For Optimal Retirement Income, Withdraw Money From Your Investment Accounts First
While you are still in your prime working years, decisions related to maximizing your retirement income relate to increasing your earnings and living below your means, so that you can put as much of your income as possible toward retirement accounts and investments on which you can draw after you retire. From this perspective, economist Laurence Kotlikoff is correct when he says that you should plan for retirement based on how much money you have instead of how much money you want to withdraw each month. Regardless of whether you retire tomorrow or when you are 80, the amount of money in all your accounts will be X. Once you get closer to retirement, your decisions center on where to withdraw the money, so that you can maximize interest and minimize taxes. A Tampa estate planning lawyer can help you with these financial plans.
Delaying Payouts from Social Security and Retirement Accounts Doesn’t Have to Mean Delaying Retirement
There is plenty of discussion in the field of estate planning about the ideal time to retire. Of course, there is no one-size-fits-all answer. The decision depends on many factors, including your health, your line of work, and your financial obligations to people other than yourself or your spouse, such as whether you are financially supporting your elderly parents or have borrowed Parent PLUS loans for your children’s college education.
Whether you retire at age 70, age 65, or even earlier than 65, it pays to delay drawing Social Security for as long as you can. If you start drawing Social Security at age 70, which is the latest possible start time, your return on investment (the investment being all those years that your employer withheld Social Security from your paychecks) is considerably higher than if you start at age 62, the earliest possible start time. A similar principle applies to IRAs and 401(k) retirement accounts; the way to get the most money out of them, relative to how much you have put in, is to delay taking money out until you are 72, which is the age at which you must start taking required minimum distributions (RMDs). In other words, you should let as much compound interest as possible accumulate before you start taking money out.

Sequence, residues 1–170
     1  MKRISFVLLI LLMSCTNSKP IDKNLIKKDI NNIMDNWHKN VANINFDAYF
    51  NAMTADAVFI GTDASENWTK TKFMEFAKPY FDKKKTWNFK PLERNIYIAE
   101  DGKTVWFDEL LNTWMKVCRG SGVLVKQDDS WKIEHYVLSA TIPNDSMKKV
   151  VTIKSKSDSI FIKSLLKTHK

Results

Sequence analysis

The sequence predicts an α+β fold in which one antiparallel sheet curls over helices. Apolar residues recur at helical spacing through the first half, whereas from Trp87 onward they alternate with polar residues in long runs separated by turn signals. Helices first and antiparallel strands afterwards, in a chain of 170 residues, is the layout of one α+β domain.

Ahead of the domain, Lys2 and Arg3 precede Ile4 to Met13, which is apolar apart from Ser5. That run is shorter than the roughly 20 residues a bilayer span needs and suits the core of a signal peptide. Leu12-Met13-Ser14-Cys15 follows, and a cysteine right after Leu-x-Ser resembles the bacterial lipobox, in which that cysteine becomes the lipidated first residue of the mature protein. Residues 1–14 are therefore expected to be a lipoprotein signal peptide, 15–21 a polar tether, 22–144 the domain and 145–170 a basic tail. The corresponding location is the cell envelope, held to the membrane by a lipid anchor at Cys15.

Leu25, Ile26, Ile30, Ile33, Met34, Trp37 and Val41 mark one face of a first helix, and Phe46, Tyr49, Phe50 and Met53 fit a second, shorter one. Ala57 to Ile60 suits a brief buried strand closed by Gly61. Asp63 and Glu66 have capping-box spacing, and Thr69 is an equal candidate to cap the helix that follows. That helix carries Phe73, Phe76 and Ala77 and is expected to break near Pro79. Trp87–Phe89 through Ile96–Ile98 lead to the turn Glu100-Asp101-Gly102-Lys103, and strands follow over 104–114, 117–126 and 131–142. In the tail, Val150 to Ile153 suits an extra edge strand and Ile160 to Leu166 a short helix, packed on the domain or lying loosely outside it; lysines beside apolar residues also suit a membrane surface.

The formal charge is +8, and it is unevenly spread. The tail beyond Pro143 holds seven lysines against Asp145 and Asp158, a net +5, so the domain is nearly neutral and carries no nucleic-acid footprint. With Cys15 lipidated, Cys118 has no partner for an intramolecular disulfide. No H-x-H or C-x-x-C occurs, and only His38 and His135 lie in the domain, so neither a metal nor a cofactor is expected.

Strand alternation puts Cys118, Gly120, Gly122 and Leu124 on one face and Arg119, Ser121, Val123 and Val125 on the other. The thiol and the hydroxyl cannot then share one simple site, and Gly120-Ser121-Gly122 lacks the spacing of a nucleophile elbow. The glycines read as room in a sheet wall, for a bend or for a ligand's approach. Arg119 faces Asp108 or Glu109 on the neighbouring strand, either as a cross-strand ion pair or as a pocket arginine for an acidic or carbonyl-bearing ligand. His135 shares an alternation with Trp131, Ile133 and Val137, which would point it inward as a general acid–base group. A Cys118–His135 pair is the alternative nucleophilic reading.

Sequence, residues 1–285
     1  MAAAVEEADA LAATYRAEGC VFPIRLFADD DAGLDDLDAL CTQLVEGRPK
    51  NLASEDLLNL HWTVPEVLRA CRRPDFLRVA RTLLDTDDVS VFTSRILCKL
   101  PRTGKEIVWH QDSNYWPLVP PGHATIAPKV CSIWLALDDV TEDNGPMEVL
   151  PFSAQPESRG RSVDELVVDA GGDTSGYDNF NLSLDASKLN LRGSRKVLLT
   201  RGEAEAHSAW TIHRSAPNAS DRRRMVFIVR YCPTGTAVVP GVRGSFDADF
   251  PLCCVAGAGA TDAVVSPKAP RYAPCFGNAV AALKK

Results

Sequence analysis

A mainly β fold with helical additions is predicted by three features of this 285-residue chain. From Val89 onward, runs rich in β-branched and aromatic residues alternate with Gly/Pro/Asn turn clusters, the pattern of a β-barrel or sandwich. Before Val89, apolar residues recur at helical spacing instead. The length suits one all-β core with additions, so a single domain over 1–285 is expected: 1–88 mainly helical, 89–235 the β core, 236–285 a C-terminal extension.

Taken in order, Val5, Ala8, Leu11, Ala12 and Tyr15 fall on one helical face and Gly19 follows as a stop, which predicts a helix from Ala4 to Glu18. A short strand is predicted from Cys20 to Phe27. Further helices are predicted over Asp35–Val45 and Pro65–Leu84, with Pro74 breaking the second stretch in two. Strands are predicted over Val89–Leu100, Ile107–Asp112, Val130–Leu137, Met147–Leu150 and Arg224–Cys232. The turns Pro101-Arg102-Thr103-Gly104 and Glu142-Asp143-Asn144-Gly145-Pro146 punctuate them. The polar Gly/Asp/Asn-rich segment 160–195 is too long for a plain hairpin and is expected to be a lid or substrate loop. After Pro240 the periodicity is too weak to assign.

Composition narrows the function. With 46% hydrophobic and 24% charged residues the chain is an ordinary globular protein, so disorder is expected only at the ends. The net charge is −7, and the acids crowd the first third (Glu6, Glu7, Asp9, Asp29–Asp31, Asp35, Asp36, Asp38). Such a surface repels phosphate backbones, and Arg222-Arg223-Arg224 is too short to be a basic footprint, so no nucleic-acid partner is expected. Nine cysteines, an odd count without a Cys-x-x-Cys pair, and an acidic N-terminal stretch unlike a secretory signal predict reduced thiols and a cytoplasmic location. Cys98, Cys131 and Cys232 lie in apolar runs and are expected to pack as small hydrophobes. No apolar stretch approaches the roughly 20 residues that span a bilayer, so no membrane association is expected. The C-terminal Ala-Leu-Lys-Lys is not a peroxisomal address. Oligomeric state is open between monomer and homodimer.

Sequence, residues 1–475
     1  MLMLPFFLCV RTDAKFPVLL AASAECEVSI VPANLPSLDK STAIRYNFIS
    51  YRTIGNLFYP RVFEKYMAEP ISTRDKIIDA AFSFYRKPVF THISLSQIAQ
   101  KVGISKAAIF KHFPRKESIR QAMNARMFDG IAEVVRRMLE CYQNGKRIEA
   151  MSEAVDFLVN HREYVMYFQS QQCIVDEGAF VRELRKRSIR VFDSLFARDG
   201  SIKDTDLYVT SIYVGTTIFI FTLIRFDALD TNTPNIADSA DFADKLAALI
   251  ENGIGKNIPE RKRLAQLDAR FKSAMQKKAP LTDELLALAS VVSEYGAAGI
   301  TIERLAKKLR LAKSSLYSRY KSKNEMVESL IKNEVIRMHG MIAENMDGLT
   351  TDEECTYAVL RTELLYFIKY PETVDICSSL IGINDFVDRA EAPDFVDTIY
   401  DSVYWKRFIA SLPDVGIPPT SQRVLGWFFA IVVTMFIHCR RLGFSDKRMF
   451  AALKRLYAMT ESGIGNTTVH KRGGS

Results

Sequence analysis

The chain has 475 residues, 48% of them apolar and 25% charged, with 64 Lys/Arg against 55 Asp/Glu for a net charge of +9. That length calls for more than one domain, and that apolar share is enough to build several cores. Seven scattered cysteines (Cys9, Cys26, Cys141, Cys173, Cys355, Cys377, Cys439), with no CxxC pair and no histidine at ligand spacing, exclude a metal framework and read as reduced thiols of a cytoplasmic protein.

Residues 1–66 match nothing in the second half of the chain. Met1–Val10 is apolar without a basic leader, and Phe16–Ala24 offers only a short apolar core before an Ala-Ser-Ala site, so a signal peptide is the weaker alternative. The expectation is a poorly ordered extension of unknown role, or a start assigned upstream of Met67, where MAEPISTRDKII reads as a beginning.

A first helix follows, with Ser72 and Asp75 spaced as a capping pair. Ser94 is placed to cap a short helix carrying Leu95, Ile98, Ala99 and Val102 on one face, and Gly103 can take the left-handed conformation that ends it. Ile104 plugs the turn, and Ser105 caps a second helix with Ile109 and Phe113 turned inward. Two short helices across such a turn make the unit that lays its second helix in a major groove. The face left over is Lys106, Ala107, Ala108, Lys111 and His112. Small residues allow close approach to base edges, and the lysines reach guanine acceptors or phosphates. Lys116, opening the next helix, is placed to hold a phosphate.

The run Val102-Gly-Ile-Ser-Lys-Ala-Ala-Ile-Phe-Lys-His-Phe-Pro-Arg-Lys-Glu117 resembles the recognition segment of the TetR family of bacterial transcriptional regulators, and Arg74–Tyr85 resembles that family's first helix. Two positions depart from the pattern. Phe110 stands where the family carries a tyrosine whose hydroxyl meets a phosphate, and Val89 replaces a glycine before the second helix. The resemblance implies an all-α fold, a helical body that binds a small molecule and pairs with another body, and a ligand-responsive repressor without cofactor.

Of course, it is only possible to do this if you also have other investments on which you can draw. This is where brokerage accounts, stocks and bonds, and ETFs come in. These should be your main source of income during your first years of retirement, until maximum social security income and retirement account RMDs kick in. Achieving this requires some long-term planning, but if you have steady employment now, it is feasible.
Contact an Attorney for Help Today
An estate planning lawyer can help you make realistic decisions about how to maximize your retirement income, based on your current employment income. Contact David Toback for help with your case.